lunes, 21 de octubre de 2013

Upcoming Events!

My my has this been a busy year for us! I have hardly found time to keep up with the rapid running pace of this wanna be slow movement life!


So, in a sort of blink of an eye, I am going to attempt to catch you up on what is to come in these next few weeks. We wouldn't want any of you missing out on the fun.

October 26th, 2013
This is the party everyone is just "dying" to go to! Get ready to experience language exchange as you have never seen it done before!

October 31st, 2013
 I will certainly "be" there!

All through the month of October and November,  
Spanish in Rosario is offering an amazing 3 for 2 spring special!


miércoles, 21 de agosto de 2013

Guy Claxton in Argentina

It is that time of year again and we are blessed to be able to receive the acclaimed professor Guy Claxton! Wait, let me guess, you have no idea who the guy is. Right? (Sorry, pun is totally intended) Well, Guy Claxton is one of my educational hero. He is better known for his bestseller, "What's the Point of School," where he basically criticizes the current standardized educational system and provides a new scientifically and psychologically based frame work to change the way we are teaching youth around the world and essentially change the world into a better place while doing so.

Now, in some counties, these changes are already taking place. And, while Argentina is surprisingly progressive in their methodology on a creative and intuitive level, they are lacking this framework that would allow them to work systematically through their creativity, providing a bit more organization. The good news is, there are dozens of schools eager to innovate their current methodology, and some that are even interested in Mr. Claxton's theory of Building Learning Power.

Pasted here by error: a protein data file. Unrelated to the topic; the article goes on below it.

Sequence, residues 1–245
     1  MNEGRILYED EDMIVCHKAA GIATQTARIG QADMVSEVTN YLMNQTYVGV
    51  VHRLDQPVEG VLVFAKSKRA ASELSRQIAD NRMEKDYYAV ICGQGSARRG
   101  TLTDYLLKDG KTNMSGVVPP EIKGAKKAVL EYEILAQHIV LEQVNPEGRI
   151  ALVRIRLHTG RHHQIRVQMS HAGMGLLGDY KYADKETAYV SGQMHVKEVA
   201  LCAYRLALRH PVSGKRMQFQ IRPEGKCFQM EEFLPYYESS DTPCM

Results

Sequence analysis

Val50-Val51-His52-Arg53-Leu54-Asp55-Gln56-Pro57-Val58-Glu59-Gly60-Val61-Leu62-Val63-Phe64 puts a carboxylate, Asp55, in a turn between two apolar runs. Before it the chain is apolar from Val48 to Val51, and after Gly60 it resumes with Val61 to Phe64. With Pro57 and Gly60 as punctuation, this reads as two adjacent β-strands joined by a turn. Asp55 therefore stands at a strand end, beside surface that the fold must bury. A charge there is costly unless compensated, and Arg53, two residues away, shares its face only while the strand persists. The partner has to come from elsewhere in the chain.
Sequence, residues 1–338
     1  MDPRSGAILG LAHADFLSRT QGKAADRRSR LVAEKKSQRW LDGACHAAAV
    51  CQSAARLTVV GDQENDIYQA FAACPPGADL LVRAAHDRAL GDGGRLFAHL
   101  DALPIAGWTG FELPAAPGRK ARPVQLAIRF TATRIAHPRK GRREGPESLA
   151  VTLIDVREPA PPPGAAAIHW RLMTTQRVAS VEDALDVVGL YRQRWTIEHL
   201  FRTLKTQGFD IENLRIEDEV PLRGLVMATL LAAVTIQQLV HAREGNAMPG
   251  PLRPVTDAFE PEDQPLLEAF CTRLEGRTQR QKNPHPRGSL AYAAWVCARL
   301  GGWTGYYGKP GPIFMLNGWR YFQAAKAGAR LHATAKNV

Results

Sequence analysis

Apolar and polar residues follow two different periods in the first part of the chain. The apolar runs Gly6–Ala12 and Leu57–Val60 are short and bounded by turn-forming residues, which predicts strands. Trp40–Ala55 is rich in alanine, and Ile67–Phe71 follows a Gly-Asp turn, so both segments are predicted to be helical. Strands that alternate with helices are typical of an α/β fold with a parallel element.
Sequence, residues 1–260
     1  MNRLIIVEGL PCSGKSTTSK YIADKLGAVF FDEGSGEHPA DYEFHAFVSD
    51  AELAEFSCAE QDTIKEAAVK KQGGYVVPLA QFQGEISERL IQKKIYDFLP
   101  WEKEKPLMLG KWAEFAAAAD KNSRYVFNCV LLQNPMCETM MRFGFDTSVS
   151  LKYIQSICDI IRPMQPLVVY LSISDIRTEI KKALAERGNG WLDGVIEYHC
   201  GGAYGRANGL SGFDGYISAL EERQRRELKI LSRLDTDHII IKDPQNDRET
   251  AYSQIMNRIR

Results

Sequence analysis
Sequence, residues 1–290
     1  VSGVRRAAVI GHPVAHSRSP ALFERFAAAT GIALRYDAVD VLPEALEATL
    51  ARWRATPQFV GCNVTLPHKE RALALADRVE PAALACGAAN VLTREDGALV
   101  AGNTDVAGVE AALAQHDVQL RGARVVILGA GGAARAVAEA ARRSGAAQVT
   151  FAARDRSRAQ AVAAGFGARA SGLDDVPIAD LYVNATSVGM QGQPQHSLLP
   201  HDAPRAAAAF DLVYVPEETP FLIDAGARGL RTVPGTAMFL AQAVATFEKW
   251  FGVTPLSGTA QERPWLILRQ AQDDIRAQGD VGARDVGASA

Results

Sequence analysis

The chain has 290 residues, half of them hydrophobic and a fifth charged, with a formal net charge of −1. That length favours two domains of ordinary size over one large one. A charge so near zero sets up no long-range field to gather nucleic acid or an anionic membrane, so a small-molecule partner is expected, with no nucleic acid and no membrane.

One of the local schools here in Rosario is so interested in fact, they have sponsored the upcoming event and have plans in place to begin applying Building Learning Power, not only within the classroom, but rather as an overall innovation of their current framework.

This school is El Colegio Espanol de Rosario.  In fact, their goal is not only to begin changing the culture of their school, but to become the first BLP school in Argentina. THAT is what I call innovative!

I am placing flyer here, in the case that any of you expats working as teachers are interested in attending the event, which, as you might suspect, I highly recommend!

viernes, 26 de julio de 2013

7 wines I Love the Most

It is July 26th, 2013 and, unlike most Friday nights, I am sitting in silence in the comfort of my warm home, doing something that is not all that rare for me: drinking wine.
I, as some know, am a WINE LOVER. I am not just talking about a small kind of love, but rather an intense and intimate relationship. What I mean to say is, just as Argentinians often make comments like, "if there is no meat, it isn't a meal" "I feel that a meal without wine is a crime." 
So, today's post is going to be dedicated to the 7 wines I love the most.

In no specific order of best or worst, I will start by profiling the bottle I am half through drinking.
Hold on, I need to fill my glass.

San Felipe Cabernet Sauvignon - Roble - 2010 - priced at $40 pesos a bottle.